"I've always enjoyed this tournament and wondered why I haven't played well at all," world No. 3 Lee Westwood said Friday. "And actually when I have been at home and watching it on TV, I thought how good the course looks."

No kidding. From the overhead Snoopy Two MetLife blimp, it looks somewhat exotic. The Ritz people love that part of it. The Accenture faction and their 500 guests enjoy their digs; the Ritz-Carlton and its amenities are matchless in this corner of the map.

But parking at Dove Mountain is challenging. On Wednesday, when attendance rose an estimated 32 percent over last year's first day of play - Conquistadores believe a record 18,000 people were on the course - a monumental traffic jam clogged not only Dove Mountain Boulevard but also west Tangerine Road for about two hours.

To fix that goof, and avoid a rerun, the Conquistadores and the Marana Police Department held meetings at 1 p.m., 4 p.m., and 7 p.m., on Wednesday, and again at 5 a.m. Thursday.

"Our problem was essentially two or three people directing cars the wrong way in the main public lot," said Rocco Bene, the tournament chairman of the Conquistadores. "We got that problem fixed."

There's no way to tell how much damage Wednesday's parking scramble did in a public-relations sense. Gerald Goodman, the tournament's executive director, said the record attendance, and the parking system used for the first time this year, fell victim to a perfect storm at exactly the time thousands of spectators arrived to watch Tiger Woods' midmorning tee time.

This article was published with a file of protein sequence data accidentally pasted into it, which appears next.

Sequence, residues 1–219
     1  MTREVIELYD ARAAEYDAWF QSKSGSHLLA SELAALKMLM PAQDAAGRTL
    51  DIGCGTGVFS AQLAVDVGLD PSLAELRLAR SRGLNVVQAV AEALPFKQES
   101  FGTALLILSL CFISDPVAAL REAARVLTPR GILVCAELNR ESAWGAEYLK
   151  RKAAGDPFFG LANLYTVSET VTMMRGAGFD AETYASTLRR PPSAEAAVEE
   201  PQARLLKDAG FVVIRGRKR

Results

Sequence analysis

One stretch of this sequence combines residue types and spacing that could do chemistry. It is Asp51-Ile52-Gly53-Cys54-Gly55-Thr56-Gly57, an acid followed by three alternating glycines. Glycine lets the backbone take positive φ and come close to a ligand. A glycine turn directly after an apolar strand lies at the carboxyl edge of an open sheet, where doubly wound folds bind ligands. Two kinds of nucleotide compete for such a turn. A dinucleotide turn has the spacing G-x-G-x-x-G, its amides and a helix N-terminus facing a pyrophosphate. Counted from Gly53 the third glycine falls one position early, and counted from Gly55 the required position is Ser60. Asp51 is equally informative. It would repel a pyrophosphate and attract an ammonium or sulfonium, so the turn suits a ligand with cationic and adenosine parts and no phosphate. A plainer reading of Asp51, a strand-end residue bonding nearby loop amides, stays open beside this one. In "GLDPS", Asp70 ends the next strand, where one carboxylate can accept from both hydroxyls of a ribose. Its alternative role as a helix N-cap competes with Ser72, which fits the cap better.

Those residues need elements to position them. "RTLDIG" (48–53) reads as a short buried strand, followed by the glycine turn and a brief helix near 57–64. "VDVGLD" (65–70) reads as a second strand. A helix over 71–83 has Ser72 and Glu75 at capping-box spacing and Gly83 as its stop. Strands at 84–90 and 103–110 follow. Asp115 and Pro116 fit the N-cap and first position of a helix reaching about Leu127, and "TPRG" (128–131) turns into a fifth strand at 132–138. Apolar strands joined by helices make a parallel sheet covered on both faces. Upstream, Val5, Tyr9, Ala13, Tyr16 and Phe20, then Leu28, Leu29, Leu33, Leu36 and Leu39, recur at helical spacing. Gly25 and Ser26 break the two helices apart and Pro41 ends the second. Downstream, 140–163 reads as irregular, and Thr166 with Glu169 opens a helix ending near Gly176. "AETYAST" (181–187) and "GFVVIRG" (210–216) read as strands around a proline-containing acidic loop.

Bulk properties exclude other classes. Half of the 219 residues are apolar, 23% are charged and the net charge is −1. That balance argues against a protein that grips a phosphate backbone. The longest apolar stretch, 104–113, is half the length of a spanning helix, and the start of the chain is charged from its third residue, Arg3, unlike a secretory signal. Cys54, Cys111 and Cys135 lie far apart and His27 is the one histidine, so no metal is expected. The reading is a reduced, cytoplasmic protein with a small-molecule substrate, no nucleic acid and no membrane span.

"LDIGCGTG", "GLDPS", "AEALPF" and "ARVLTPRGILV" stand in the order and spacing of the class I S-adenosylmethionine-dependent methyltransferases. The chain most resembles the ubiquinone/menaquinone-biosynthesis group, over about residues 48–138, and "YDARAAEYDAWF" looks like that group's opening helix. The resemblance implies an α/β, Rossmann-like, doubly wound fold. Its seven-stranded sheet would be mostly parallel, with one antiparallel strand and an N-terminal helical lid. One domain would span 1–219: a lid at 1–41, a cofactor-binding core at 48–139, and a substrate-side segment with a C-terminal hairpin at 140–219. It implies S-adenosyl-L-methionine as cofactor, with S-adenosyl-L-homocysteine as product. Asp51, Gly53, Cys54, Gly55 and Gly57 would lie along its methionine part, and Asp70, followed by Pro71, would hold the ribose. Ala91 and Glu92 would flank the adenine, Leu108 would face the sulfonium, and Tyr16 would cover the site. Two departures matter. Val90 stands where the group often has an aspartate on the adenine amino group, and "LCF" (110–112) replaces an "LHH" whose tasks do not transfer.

"I got up at 3 in the morning," he said. "Nobody's sleeping on this."

In the long term, Tucson's days on the WGC calendar seem limited. Tucson's demographic is more suited to play host to a Champions Tour event - hello, Fred Couples - and the Conquistadores are intrigued by the idea of holding a lucrative two-day Pro-Am, which is a staple at Champions Tour events.

Their goal is to raise more money for charities and not necessarily be a player on the global stage.

But that's a story for another day. Between now and time a decision is made on the course for the 2013-14 Match Play events, the Conquistadores and the PGA Tour have got to keep the Ritz, their Accenture sponsors and the good people of Marana smiling.

That might be more tricky than hitting a golf ball from beneath a jumping cholla.

Match of the Day

No. 4 Matt Kuchar vs. No. 6 Hunter Mahan, 10:20 a.m.

• Neither is considered an elite player in the Tiger-Phil-Rory category, but they are two of the 10 leading golfers in America and one will advance to the final group of four.

Copyright 2014 Arizona Daily Star. All rights reserved. This material may not be published, broadcast, rewritten or redistributed.

Leaders

All times in Eastern Standard Time








Follow the Arizona Daily Star

Deals, offers & events

View more...

More About Us

Chef Wendy Gauthier is the chef owner of Chef Chic.